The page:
I Am Guilderland: Why am I here and not somewhere else?

ALICIA CHEN

I am here at home, in Guilderland, New York. I am here because my father is good at physics, and he got a job here. My father is good at physics because his brain neurons are connected in a certain way, and his environment gave him access to China’s top schools. My father’s physics skills are in large part because of his DNA and the DNA of the people who established accessible education in China. Formed by natural selection, these precise orderings of As, Cs, Ts, and Gs trace a straight path to the beginnings of life in a primordial soup.

Perhaps Guilderland is my home because of this deterministic world. My carbon atoms glided along the tracks of physical law, their paths decided by switches at each crossroad. If everything is predetermined, my presence is simply a summation of all the pasts. Each present moment, each infinitesimally small slice of time, is nothing on its own because for the present to exist, it must be integrated with what came before. If the laws of nature are the cogs of a perpetual world machine, I imagine my life to be a point on the singular thread of science that leads backwards into the beginning of time. If I live the deterministic life, I am clinging to this string and its rational logic. Trapped by the laws that connect me to the past, I am never deviating, never looking up.

Everything is knowable in the deterministic world, and such complete knowledge presses in on the mind, keeping it from growing and searching. If I want to make discoveries and to chart the unknown, I must believe that there are gaps in the string that led me here. There must be tangled knots and frayed ends. I do not want the moments of my life to be made up of prerequisites and reasons. My present condition must be independent and dynamic, even volatile. I choose to sink the roots of my hereness not into cold reason, but into shrouded mystery.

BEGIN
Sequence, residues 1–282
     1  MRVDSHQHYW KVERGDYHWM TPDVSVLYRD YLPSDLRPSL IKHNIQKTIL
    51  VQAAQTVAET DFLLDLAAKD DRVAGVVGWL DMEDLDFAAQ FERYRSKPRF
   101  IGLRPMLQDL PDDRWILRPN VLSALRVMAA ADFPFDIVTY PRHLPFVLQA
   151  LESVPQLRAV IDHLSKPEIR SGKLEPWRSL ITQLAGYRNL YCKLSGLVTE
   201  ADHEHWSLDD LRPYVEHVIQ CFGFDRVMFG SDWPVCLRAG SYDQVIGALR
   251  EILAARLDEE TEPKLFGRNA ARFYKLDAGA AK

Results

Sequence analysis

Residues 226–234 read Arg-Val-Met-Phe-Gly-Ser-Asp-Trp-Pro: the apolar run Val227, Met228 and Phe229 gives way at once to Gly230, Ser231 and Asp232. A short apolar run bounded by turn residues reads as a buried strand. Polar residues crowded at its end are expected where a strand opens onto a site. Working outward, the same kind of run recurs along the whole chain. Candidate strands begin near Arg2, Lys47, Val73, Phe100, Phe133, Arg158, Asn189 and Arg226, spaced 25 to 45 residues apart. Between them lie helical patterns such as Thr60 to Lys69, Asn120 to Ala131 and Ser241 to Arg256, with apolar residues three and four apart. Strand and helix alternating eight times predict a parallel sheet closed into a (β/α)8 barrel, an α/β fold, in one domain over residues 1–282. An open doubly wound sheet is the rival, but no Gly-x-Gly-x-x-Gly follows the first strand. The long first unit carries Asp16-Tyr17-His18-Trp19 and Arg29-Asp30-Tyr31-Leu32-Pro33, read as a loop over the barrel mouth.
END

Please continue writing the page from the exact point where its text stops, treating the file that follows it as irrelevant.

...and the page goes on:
I do not need to argue with fate, but I must believe that fate is unsolvable and unknowable. Believing in the unknown– believing in wild guesses and discontinuous moments– may be a little foolish, but it is also quite profound. I am not scared of consequences I can not see, and this gives me boldness. My ignorance makes me blind enough to attempt the impossible, but when I succeed, I am in a place that transcends the fear of logical limitations. This daring, this faith that rests on hope, creates wrinkles in time and twirling loops in the thread of science. My presence is not based on the physical calculations of the world, but a deep understanding that presence finds meaning within itself.

I may be in Guilderland because my father is a physicist, but I am not truly here until I see this place as a creature with its own secret possibilities. Guilderland is a connection between somewheres, but my home is a place that stands right here. I am squeezing the vitality out of this moment, using it to play my guitar, to think on my words, and to love my family. When I do these things which fill my life, I do not attempt to solve all the reasons and backstories; I do not cogitate on the DNA sequences that code the motions of my fingers. I simply enjoy the moment and I know with my heart that being here is something unexplainable, something irrevocable. I am forging my own presence. It starts here.

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